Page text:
Tuesday, May 20, 2008

europan 9 catalogue

The Europan Norway catalogue is now available, edited by Øystein Rø and Espen Røyseland at 0047.
Buy it here and learn all about the awarded projects at norwegian sites, prize winning norwegian projects in Switzerland and the Czech Republic, and read texts by Sabine Müller, Knut Eirik Dahl, Erlend Seilskjær, Hilde Bøkestad, Espen Røyseland, Øystein Rø, Trude Lund, Maximilian Martinenghi, Kristine Jensen and others.

Knut Eirik Dahl President,
Europan Norway

Europan Norway is solidly present in development processes in 11 Norwegian cities. At the Europan 9 Award ceremony in DogA in January, the Minister of Local Government and Regional Development, Mrs Magnhild Meltveit Kleppa, commented on Europan’s significance for Norway in the following manner:
” In modern societies, of course, politicians and architects interact and influence one another. To be sure, through our subsidiary body, Husbanken,[1] The Ministry of Local Government and Regional Development is a sponsor of the Europan organisation. We sincerely cherish the opportunity to do so.”
In his presentation at the same arrangement, the leader of the Committee for Urban Development in Oslo, Ola Elvestuen, confirmed the possible importance of Europan in the future development of Oslo.
It is a fact that the continued support of the Norwegian State Housing Bank, centrally as well as regionally, from Europan 7 onwards, has been decisive in the establishment of Europan. In many ways The Norwegian State Housing Bank has considered Europan ”their own” laboratory for urban research. It is important for the continued life of Europan, as an opening for young experimental architects, that the national support is carried on.

The broader challenge
At the awards ceremony the Minister launched the five-year program “Cities for the Future” in collaboration with several larger Norwegian cities, which she considers of particular importance in a perspective of sustainability. She ended her presentation as follows:

”By implication, architects are crucial when we get down to the practical task of improving the sustainability of cities. That is why it is so important that all young architects seek to acquire knowledge on the subject of sustainability and what is required in their field of work. Experiences need to be shared and know-how about novel solutions spread if we are to make headway and secure further progress. The activity of Europan contributes to the impartation of such vital knowledge”.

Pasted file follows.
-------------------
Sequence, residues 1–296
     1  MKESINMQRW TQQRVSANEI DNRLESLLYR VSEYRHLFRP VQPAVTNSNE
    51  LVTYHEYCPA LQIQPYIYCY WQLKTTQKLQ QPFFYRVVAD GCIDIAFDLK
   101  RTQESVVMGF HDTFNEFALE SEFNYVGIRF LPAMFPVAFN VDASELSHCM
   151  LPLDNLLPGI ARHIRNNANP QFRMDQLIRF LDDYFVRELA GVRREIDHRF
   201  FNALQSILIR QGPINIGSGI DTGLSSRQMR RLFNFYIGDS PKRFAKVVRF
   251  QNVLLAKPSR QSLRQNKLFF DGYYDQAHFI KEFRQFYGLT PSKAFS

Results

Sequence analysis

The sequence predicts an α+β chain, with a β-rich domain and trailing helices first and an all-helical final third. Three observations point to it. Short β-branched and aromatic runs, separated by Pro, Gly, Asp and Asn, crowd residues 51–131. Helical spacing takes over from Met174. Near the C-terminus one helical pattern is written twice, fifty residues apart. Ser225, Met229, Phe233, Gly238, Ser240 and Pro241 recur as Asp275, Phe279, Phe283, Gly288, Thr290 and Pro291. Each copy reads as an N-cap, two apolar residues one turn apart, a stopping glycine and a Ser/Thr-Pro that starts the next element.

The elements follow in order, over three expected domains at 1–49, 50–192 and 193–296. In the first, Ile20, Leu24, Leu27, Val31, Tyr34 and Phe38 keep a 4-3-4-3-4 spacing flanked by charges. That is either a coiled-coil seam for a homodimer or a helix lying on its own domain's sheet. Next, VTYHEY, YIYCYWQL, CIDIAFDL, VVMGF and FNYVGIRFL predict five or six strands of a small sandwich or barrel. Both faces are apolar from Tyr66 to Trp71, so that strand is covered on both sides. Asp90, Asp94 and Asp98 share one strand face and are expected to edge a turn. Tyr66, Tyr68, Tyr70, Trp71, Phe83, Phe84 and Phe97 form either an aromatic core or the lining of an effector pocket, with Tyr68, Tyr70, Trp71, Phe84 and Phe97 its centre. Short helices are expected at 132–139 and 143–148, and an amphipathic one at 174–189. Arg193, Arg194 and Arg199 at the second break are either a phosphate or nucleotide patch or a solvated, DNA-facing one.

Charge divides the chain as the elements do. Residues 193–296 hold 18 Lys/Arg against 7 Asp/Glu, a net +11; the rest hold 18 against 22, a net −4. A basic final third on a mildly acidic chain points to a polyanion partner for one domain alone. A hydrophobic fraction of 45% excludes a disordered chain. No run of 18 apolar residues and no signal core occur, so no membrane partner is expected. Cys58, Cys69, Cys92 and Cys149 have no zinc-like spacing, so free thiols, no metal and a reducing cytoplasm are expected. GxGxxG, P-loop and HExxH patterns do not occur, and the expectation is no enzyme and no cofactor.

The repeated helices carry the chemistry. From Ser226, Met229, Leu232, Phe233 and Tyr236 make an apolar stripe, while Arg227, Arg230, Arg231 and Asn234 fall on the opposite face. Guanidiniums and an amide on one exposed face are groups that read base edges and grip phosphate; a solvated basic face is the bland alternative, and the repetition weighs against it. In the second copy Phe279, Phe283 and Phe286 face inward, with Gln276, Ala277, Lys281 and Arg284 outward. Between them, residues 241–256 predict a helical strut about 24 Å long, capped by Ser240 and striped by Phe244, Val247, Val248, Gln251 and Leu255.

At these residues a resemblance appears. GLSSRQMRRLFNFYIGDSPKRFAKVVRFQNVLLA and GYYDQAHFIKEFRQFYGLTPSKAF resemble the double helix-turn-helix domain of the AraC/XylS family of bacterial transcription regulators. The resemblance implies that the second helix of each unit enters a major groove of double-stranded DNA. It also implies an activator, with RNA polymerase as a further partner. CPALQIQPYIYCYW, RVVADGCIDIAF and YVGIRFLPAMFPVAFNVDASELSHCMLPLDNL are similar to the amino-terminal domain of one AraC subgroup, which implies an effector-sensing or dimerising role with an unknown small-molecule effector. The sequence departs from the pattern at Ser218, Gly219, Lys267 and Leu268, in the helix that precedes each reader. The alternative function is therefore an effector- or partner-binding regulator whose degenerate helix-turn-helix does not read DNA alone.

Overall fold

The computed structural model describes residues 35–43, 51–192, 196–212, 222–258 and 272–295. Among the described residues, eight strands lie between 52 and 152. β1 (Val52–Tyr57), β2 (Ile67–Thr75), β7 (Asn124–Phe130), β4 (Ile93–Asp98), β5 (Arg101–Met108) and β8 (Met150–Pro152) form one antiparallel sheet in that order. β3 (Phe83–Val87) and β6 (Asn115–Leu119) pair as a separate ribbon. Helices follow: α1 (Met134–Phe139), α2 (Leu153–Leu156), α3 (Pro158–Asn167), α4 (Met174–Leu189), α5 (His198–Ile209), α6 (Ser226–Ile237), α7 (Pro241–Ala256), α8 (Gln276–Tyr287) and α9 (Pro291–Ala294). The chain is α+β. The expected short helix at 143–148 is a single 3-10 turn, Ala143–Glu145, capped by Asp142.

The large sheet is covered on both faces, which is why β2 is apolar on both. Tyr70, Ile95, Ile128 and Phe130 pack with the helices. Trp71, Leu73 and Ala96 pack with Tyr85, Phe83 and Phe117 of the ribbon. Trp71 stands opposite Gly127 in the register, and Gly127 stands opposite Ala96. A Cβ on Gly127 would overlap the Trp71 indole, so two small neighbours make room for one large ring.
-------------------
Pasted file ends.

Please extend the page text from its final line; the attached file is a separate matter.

The theme of Europan 9 was “Sustainable cities and new urban spaces” – and many of the projects have aimed to address this line of questioning. Moreover, it is plausible that ECO-Box, Europan’s advisor in E9, as in future projects, considers many of these entries more as preparatory exercises for learning to understand, than as projects and ideas that automatically will lead to significant changes.

We must nevertheless consider the entries of Europan 9 as contributions to an interesting future cartography on aspects of a sustainable community. Several of the texts accompanying the projects in this Europan catalogue are optimistically displaying and investigating a new terminology in their quest for a new understanding. There can be no doubt that a new, sometimes domineering explorative field will delineate itself also in Europan 10.

New arenas are being developed
The international fora Europan has arranged across Europe bring together planners, politicians, developers and architects from the various European cities. Nationally, Europan Norway has set up several fora to create a mutual dialogue between the participating cities in the process. Oslo School of Architecture and Design (AHO) has created a new arena for Europan by arranging lectures and a series of debates where the Europan winners in Norway are presented and debated at afternoon seminars. A new element of the year was that one of the school’s theoreticians, Christian Hermansen, was invited to comment on the projects. The latter model should be applied by Europan to create a team of critics and experts on the Europan concept. Present at the seminars were also representatives from the participating cities who thus are offered an opportunity to experience discussions on architecture and urbanism from different angles. In April I attended the Lillestrøm arrangement where two young architects (Mateo/Martinenghi, Spain/Italy) presented their project with Pollock, Bosch and the nomad crossing the desert as “backdrop” for their ideas. They also showed three of their former Europan entries and opened up for a whole auditorium of students to gaze into Europan’s continuous laboratory of experiments. In a phase of the discussion around the project one of the Spanish winners claimed that: “all good teachers are dead!” A claim that, if nothing else, can be seen as an assertion that nowadays we all have to think anew.